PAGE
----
I wasn't always a tither.
I didn't grow up seeing my family tithe. In retrospect, I realize it's because most American synagogues simply mail you a bill for your membership dues (sometimes reflecting a tithe of what you've reported as your income, but usually a set membership fee). So if you're a member, you write a check and mail it in. Done and done. And your kids are generally oblivious to your giving.
Churches aren't like that. We pass a plate - or a popcorn bucket, if you go to my worship service. So no one knows if you're being generous or stingy. Or disobedient.
|I'm pretty sure that if we're not supposed to be tax-evaders,|
we're not supposed to be tithe-evaders either.
But God knows. And so do you. At least I know I did, as I regularly passed the plate right on by.
I didn't have much money right out of college. I didn't have a job and was working as a temp. I watched my pennies. And I didn't give many of them to the Lord.
See, I just didn't have much yet. I'd give more when I had more. At least, that's what I told myself. Besides, I was, after all, giving my time as a volunteer in student ministry. Yes, I was tithing my time.
Eventually, I got a job. A great one, actually. One that paid me an annual bonus that almost doubled my salary. I finally had plenty to tithe. But I didn't.
The truth is, finances stressed me out. Physically. I got a knot in my stomach whenever I received bills, paid bills or thought about bills. So the thought of tithing made the knot tighter. Especially when I had some credit card debt.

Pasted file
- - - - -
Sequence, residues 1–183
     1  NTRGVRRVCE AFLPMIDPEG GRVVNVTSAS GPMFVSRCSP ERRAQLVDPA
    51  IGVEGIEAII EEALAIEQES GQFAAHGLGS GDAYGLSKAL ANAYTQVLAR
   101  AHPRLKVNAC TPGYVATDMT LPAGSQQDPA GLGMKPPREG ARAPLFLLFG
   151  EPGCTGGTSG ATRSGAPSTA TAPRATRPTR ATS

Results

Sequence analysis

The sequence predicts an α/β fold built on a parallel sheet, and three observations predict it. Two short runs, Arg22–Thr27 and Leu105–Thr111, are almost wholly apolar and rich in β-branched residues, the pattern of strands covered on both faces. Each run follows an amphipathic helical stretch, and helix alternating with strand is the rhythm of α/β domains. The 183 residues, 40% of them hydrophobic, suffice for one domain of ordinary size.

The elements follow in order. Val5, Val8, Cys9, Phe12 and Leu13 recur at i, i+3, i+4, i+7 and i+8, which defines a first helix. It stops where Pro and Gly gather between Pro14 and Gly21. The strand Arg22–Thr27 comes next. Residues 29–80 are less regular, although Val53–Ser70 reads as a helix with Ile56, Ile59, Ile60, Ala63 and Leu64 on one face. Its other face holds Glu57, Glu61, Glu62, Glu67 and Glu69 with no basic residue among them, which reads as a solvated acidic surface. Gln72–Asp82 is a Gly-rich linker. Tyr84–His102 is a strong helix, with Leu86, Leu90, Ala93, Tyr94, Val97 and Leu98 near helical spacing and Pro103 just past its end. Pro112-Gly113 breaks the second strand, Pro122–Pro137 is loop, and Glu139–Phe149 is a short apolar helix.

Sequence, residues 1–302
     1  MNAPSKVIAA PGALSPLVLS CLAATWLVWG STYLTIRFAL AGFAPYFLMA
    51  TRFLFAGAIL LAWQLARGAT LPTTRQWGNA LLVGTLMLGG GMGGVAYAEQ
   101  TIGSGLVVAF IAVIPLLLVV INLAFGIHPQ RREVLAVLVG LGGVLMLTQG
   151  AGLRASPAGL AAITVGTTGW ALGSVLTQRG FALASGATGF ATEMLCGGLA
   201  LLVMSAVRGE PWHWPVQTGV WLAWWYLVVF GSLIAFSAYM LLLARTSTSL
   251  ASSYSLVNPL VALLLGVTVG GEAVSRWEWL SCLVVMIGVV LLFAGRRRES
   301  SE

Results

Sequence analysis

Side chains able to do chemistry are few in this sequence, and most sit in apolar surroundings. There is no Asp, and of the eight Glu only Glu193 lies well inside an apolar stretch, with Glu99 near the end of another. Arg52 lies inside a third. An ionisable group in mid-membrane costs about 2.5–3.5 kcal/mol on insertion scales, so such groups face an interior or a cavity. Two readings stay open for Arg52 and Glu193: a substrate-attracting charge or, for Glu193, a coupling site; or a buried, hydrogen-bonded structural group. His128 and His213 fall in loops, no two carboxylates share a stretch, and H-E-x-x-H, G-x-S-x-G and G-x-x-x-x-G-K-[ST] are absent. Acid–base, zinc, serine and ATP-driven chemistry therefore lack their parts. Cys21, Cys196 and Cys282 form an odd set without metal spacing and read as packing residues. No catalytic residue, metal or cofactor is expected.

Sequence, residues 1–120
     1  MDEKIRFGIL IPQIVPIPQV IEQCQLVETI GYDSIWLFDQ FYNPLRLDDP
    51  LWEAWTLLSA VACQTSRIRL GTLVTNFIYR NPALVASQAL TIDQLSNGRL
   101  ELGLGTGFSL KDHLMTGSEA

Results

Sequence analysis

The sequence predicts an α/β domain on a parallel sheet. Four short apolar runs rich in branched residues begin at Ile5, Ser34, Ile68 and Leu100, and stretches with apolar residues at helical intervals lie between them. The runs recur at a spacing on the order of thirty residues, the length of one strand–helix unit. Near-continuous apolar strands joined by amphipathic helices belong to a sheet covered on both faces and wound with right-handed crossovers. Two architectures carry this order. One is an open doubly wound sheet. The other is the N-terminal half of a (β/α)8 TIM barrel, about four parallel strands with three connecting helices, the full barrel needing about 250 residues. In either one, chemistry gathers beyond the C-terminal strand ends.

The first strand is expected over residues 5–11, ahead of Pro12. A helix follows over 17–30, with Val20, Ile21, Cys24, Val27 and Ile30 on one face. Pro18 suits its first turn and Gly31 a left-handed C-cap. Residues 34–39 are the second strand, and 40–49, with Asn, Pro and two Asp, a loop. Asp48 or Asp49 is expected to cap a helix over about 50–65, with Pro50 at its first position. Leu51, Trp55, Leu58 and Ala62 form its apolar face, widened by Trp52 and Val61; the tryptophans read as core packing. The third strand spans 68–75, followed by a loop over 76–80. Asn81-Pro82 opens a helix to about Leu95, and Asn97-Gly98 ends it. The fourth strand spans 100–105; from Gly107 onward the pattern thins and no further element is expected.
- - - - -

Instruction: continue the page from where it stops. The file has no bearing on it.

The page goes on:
But I had a solution. Each year when my bonus came through, I paid off any debt, bought something I'd delayed all year, and then gave the rest to church. Unfortunately, that leftover amount never came even remotely close to a tithe. And the knot didn't go away.
One year, I forgot to skip the put-your-annual-pledge-on-the-altar Sunday. So I filled out the card with what I thought was a reasonable amount to give. It was a small number, but it was more than I'd been putting in the plate before. And, more importantly, it established in me a pattern of giving.
The knot loosened just a bit. I don't remember how or when, but eventually I decided to give ten percent. I realized that it wasn't a church "rule;" it was what God asked of me. And hadn't He given so much to me? For me?
I tentatively began to tithe - fully expecting the knot in my gut to grow. But instead, it disappeared. Completely.
I didn't win the sweepstakes or get unexpected checks in the mail like some people say happened to them. But I got peace. And I got joy. I loved giving. I vividly remember one week when the usher missed my row. I was so distraught I started to cry. So I stood up and chased him up the aisle just so I could drop my envelope in the velvet-lined tray.
My heart - and my gut - had been transformed.
Fortunately, I married a man who has led our marriage and our family with the same desire. Even when we were a family of four living on one grad student salary along with significant medical bills, he made sure we were giving ten percent. Off our gross, not net - which astounded my non-believer parents (giving can be a witness!).
What's my point? Beside the fact that tithing is a command, giving is a joy.
I also think it's a litmus test for American Christians of whether we truly trust God. Whether He is first in our materialistic world and materialistic lives. In fact, tithing revealed to me that I was much more materialistic than I thought I was. And it still does.
I've found that tithing is a measure of whether trusting God is something I say, or something I really do.